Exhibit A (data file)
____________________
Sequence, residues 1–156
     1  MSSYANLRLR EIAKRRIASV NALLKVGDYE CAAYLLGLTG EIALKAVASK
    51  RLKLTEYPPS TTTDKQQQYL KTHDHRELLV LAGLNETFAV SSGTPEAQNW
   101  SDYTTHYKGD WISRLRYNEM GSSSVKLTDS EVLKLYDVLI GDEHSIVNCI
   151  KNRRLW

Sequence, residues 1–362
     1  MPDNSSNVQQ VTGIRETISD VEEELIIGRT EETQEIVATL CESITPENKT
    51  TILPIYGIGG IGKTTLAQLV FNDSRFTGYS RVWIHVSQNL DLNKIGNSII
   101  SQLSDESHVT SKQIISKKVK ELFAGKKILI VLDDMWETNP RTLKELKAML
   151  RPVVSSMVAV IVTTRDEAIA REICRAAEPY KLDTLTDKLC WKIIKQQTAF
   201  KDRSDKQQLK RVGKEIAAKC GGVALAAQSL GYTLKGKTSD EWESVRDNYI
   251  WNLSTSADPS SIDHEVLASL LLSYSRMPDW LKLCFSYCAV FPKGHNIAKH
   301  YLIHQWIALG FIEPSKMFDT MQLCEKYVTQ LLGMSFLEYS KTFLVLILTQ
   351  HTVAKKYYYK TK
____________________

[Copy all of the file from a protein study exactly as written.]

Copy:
Sequence, residues 1–156
     1  MSSYANLRLR EIAKRRIASV NALLKVGDYE CAAYLLGLTG EIALKAVASK
    51  RLKLTEYPPS TTTDKQQQYL KTHDHRELLV LAGLNETFAV SSGTPEAQNW
   101  SDYTTHYKGD WISRLRYNEM GSSSVKLTDS EVLKLYDVLI GDEHSIVNCI
   151  KNRRLW

Sequence, residues 1–362
     1  MPDNSSNVQQ VTGIRETISD VEEELIIGRT EETQEIVATL CESITPENKT
    51  TILPIYGIGG IGKTTLAQLV FNDSRFTGYS RVWIHVSQNL DLNKIGNSII
   101  SQLSDESHVT SKQIISKKVK ELFAGKKILI VLDDMWETNP RTLKELKAML
   151  RPVVSSMVAV IVTTRDEAIA REICRAAEPY KLDTLTDKLC WKIIKQQTAF
   201  KDRSDKQQLK RVGKEIAAKC GGVALAAQSL GYTLKGKTSD EWESVRDNYI
   251  WNLSTSADPS SIDHEVLASL LLSYSRMPDW LKLCFSYCAV FPKGHNIAKH
   301  YLIHQWIALG FIEPSKMFDT MQLCEKYVTQ LLGMSFLEYS KTFLVLILTQ
   351  HTVAKKYYYK TK